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The God Who Can Be Hurt….. He is your God, you are His!


The Good Shepherd, carrying His own.

Devotional Thought of the Day:
3  “Worship no god but me. 4  “Do not make for yourselves images of anything in heaven or on earth or in the water under the earth. 5  Do not bow down to any idol or worship it, because I am the LORD your God and I tolerate no rivals.    Exodus 20:3-5 (TEV)

1  The LORD said to me, “Go again and show your love for a woman who is committing adultery with a lover. You must love her just as I still love the people of Israel, even though they turn to other gods and like to take offerings of raisins to idols.”
Hosea 3:1 (TEV)

441    You are hurt by your neighbor’s lack of charity toward you. Think how God must be hurt by your lack of charity—of love—toward him!

I have sat with many people who are angry, who blame God for the pain and brokenness in their lives.  Living with such pain, they get mad at God; they will claim it is His fault, or that He has abandoned them, they strike out at Him. 

My temptation is to try an answer for God before they are ready to hear the answer or defend the God who needs no defense. Thankfully, He is patient with me, because He is not willing for them to perish. 

And I think we need to see that, this God who is patient, this God who is merciful, this God whose goal is reconciliation and restoration.

We need to see a God who hurts when He is betrayed, who hurts when people are unfaithful, and who embraces that pain to provide an opportunity for those who hurt Him to experience again His incredible love, His limitless mercy, and the abundance of peace.

Yeah, we can hurt God, we can turn our back on Him. He hurts when our pain our anxiety, and the pressures of life seem to drive us away from Him.  When we hurt so much, we ignore His presence, and refuse to let Him comfort us.  He is there, hurting with us, trying to comfort us anyway, trying to heal us, trying to get us to listen, to be still and know He is God.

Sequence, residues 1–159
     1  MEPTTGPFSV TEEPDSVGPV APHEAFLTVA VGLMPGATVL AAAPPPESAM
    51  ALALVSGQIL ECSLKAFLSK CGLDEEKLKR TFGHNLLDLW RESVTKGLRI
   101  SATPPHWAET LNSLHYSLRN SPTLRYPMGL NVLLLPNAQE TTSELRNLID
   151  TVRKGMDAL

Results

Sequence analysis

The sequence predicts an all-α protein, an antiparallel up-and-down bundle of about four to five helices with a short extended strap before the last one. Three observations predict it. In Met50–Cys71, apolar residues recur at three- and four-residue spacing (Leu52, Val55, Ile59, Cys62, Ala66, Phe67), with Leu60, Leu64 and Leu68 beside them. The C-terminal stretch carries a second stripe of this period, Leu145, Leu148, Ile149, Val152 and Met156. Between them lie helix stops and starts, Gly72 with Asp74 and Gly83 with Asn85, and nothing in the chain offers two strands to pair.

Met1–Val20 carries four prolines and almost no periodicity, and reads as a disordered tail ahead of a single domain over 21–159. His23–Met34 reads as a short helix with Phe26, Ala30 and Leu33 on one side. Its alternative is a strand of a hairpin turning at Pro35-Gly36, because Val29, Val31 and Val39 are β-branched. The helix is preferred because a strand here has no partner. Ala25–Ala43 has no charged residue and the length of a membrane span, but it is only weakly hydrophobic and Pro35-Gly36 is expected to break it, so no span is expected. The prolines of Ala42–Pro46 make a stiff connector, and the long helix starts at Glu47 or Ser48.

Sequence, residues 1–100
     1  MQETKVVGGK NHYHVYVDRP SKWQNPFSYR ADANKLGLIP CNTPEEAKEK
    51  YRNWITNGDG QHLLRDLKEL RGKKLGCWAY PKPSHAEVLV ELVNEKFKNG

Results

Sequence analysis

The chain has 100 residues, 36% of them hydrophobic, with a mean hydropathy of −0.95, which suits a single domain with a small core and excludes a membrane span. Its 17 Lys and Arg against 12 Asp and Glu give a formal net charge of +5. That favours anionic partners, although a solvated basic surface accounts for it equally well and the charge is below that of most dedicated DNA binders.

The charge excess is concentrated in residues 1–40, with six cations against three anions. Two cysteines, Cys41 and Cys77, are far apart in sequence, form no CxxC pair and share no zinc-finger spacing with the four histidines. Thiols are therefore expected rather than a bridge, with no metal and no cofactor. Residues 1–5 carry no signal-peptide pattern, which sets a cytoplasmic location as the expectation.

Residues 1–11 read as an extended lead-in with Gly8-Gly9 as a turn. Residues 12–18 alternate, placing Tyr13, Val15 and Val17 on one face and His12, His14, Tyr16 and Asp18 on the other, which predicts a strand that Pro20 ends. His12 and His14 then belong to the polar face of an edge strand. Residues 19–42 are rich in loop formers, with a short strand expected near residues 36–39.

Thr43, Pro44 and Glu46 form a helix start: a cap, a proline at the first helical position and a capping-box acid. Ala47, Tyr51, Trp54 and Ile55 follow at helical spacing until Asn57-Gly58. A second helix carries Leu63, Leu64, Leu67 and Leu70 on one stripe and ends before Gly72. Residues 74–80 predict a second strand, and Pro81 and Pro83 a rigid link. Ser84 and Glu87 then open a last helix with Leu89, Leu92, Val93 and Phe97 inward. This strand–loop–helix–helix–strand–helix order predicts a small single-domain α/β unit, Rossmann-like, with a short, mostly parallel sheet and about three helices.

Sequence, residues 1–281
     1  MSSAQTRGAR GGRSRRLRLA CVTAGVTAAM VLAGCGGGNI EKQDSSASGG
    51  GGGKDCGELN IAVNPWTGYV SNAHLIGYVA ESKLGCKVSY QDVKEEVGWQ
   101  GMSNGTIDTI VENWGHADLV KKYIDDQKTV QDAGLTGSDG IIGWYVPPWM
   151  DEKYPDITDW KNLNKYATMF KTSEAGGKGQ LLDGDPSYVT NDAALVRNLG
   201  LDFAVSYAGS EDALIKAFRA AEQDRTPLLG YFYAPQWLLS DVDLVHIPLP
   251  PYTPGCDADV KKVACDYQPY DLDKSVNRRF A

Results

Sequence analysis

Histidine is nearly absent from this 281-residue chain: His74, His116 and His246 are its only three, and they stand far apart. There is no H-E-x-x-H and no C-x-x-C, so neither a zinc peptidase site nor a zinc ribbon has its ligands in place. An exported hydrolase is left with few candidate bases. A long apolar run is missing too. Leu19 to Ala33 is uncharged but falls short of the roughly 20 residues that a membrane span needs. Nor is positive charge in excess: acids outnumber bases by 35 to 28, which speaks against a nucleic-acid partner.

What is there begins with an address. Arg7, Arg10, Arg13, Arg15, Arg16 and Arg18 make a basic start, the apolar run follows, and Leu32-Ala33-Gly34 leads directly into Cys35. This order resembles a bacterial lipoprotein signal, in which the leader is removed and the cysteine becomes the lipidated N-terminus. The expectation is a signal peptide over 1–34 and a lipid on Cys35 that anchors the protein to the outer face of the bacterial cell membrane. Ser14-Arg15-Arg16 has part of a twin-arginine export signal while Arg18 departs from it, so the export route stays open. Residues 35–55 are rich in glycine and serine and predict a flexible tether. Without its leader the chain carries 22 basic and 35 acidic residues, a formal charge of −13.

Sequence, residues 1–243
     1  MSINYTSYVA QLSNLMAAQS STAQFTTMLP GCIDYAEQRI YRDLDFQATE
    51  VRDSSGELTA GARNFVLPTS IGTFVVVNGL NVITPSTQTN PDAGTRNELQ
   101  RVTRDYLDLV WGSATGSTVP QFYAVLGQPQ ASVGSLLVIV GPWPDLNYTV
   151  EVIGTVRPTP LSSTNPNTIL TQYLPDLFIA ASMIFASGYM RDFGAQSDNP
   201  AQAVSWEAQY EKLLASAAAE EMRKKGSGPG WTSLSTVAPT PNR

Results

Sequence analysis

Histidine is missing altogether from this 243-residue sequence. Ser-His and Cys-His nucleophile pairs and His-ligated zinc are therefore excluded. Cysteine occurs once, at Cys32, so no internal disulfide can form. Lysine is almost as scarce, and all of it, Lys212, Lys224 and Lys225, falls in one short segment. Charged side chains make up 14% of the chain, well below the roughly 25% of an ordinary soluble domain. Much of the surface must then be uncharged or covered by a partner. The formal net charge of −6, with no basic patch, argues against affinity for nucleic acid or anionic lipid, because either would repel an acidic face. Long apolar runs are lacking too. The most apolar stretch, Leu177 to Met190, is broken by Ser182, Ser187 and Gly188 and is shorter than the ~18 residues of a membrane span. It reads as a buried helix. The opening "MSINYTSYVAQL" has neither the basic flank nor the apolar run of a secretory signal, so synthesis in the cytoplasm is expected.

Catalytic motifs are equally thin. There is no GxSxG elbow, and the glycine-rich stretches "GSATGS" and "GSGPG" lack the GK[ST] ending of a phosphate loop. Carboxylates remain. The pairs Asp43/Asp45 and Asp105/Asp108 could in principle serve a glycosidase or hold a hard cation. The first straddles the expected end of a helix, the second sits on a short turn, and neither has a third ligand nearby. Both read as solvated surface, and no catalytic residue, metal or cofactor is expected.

So how do we minister on behalf of a hurting God, to people who are hurt?   As He does, with great patience, comforting them, allowing them to know they have a refuge, a place to rest, and when they are ready, revealing that to be no less that God Himself.

He is with them, He is with us, AMEN!

Escriva, Josemaria. The Way (Kindle Locations 1086-1087). Scepter Publishers. Kindle Edition.

Another Urgent Task for the Church for Today!

Devotional Thought of the Day

2 I urge Euodia and I urge Syntyche* to come to a mutual understanding in the Lord. 3 Yes, and I ask you also, my true yokemate,* to help them, for they have struggled at my side in promoting the gospel, along with Clement and my other co-workers, whose names are in the book of life.  NABRE Phil. 4:2-3

174    Don’t say, “That person bothers me.” Think: “That person sanctifies me.”

Yesterday I wrote about the church being urged to work for unity at every level.  That scripture urged us to do so, even as we find ourselves in opposition to others. That unity is found int he presence of God, in a sacramental (some would say incarnational) presence of God.

In my devotional reading today, Paul is again urging unity, but this time we aren’t the one’s who are divided – we are urged, as the church, to help bring two people back together, to help them reconcile and know the unity that can only be found in Christ.

Paul urges us to help them, and while we probably don’t have these names in our congregations and parishes, we have people that stand apart, that divided over something. People that we might classify as good people, people that work hard in the church, that minister to those hurting, that feed those who are hungry, that care and teach people about God’s love.

Let’s face it, we all have stubborn streaks, we all can be more than a bit irritable and irritating.  We can all struggle and in those struggles, get a bit defensive, and bit anxious, a bit territorial.  We all struggle with sin, and sin can divide people, even as it separates us from God.

Our sin, and the unrighteousness of the sins committed against us need to drive us to the altar, to the cross where the blood of Jesus cleanses us.  That is where the healing between two who find themselves divided and antagonistic can happen.  For there, face to face with sin being forgiven, with mercy being extended, we see what happens.

It is in the presence of God that we find that mutual understanding in the Lord.  It is where love overwhelms us and where healing begins, as God heals us, as God draws into unity together.

And sometimes – the two parties need the third to remind them of this – that there they are together, that there they are both cleansed, and whatever divided them fades as quickly as their own sin does.

There, at the altar, where we celebrate the New Covenant, there is where they are reconciled.  There, they find peace, and the joy of community united in Jesus is restored!  AMEN!.




Escriva, Josemaria. The Way (Kindle Location 534). Scepter Publishers. Kindle Edition.


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